This week was a busy one for the auto industry. As top vehicle manufacturers announced their major shifts towards electric vehicles, Volkswagen delivered news of its own. The company is saying goodbye to its diesel line-up in the US. Which means we are seeing the end of the "clean diesel" initiative which saw 1 in 5 VW cars sold in the US sporting the TDI logo.
Well, the show's over, folks. Volkswagen's North American operations chief has openly confirmed that the era of affordable clean, green diesel powertrains is over for the company. And while this comes as no surprise given their emissions scandal, many were suggestion diesel would make a quick come back.
The 2016 Golf, Jetta, and Passat sporting diesel engines are under stop-sale until the EPA gives its approval on a technology solution which takes VW's emissions back into the norm. Volkswagen's prosed fix is expected to gain regulatory approval as early as next month. And everyone assumed the company would apply that same technology to its new 2017 diesel models. But what we see instead is that the high cost of this technology coupled with VW's suffered brand image following dieselgate have sealed the TDI's fate in USA.
"We will still offer diesel in specific products and packages where it seems appropriate," says Hinrich Woebcken, president and CEO of Volkswagen Group of America. “I wish to make clear that the push for diesel for the brand is done” in North America. But he also went on to imply that the future of the VW TDI was apparent long before. “Because of upcoming regulations, the diesel would have seen a limited future, regardless” of the scandal."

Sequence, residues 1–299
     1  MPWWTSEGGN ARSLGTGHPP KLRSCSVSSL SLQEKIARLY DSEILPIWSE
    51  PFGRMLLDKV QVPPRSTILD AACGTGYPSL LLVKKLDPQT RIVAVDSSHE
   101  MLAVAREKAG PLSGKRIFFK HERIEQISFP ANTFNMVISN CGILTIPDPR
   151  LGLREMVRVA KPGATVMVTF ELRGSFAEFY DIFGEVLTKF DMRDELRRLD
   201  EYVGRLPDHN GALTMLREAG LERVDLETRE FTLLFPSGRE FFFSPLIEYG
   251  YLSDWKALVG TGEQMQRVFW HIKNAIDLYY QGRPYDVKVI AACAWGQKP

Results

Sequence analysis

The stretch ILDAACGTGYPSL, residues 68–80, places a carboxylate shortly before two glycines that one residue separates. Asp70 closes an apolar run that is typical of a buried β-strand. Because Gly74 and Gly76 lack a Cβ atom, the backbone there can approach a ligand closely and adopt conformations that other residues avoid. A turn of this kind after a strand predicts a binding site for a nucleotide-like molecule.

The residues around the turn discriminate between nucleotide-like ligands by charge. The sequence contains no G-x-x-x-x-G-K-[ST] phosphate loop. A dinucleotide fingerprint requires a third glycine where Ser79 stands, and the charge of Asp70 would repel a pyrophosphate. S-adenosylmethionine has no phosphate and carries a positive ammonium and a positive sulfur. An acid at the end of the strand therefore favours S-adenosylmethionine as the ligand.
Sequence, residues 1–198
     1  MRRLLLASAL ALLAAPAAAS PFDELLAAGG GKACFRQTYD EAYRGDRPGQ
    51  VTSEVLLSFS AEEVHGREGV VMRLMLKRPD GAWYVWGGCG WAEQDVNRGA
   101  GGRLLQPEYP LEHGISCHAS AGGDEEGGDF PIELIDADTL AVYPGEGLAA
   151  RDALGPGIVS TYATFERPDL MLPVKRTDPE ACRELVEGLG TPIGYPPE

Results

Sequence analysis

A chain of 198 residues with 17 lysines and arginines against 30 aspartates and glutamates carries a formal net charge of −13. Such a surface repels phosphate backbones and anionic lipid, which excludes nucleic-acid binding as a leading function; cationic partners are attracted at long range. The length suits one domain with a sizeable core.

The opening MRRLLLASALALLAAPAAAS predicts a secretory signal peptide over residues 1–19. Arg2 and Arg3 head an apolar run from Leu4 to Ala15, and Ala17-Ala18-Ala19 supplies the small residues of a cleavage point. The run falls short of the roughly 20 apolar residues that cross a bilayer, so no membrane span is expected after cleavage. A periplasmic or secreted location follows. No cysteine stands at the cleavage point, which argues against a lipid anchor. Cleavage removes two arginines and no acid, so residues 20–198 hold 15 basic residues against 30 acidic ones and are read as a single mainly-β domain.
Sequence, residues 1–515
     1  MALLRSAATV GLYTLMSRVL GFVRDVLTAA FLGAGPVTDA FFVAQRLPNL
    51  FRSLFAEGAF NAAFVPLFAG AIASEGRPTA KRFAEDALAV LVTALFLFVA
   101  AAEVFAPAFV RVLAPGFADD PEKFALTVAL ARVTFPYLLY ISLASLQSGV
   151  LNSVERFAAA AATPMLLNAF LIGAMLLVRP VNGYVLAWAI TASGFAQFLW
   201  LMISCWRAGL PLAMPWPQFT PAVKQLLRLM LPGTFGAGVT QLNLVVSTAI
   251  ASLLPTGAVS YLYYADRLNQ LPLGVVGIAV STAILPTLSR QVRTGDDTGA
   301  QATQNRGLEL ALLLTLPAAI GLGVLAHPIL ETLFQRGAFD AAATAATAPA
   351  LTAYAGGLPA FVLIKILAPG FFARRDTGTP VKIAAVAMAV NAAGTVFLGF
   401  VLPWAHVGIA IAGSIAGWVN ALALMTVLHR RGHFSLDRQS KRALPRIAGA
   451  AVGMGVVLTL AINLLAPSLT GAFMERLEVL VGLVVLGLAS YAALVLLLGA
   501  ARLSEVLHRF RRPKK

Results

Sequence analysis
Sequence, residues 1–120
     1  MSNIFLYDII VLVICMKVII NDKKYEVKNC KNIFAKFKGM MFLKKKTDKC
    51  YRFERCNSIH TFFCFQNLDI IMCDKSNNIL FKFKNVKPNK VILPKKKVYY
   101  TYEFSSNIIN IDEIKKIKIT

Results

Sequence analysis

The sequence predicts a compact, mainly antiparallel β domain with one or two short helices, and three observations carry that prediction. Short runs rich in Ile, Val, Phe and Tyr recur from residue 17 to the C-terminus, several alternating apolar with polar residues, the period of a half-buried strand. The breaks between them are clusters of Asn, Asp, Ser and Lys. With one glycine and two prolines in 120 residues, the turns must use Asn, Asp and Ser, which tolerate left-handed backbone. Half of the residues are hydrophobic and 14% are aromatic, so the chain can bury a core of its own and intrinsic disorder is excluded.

So, what does all this really mean? We've (probably) already seen the last of the diesel Golf, Jetta, Beetle, and Passat. Just maybe, the premium-priced Touareg might be offered with a diesel engine. And even if the TDI survives in certain niche applications, the company is taking a headstrong shift towards electric models.
But before you attribute the change of direction to high corporate ethics, keep in mind that some regulators have successfully argued that Volkswagen needs to make a corporate commitment towards the sale of a large number of electric vehicles as a part of its court-ordered settlement.
But after all is said and done, VW's priority still remains to quickly resolve their current emissions violation case. And whilte it's still ongoing, the company's reputation continues to suffer. “Our first priority is to implement the TDI fix. We want to do it professionally using the buyback/fix option in a very German, engineered way. We are still in the approval process, and preparing the dealers. First and foremost is to solve this at a high satisfaction level, fix it, and go on from there.” said Woebcken.
Will you miss Volkswagen TDI engine or are you looking forward to their electric models?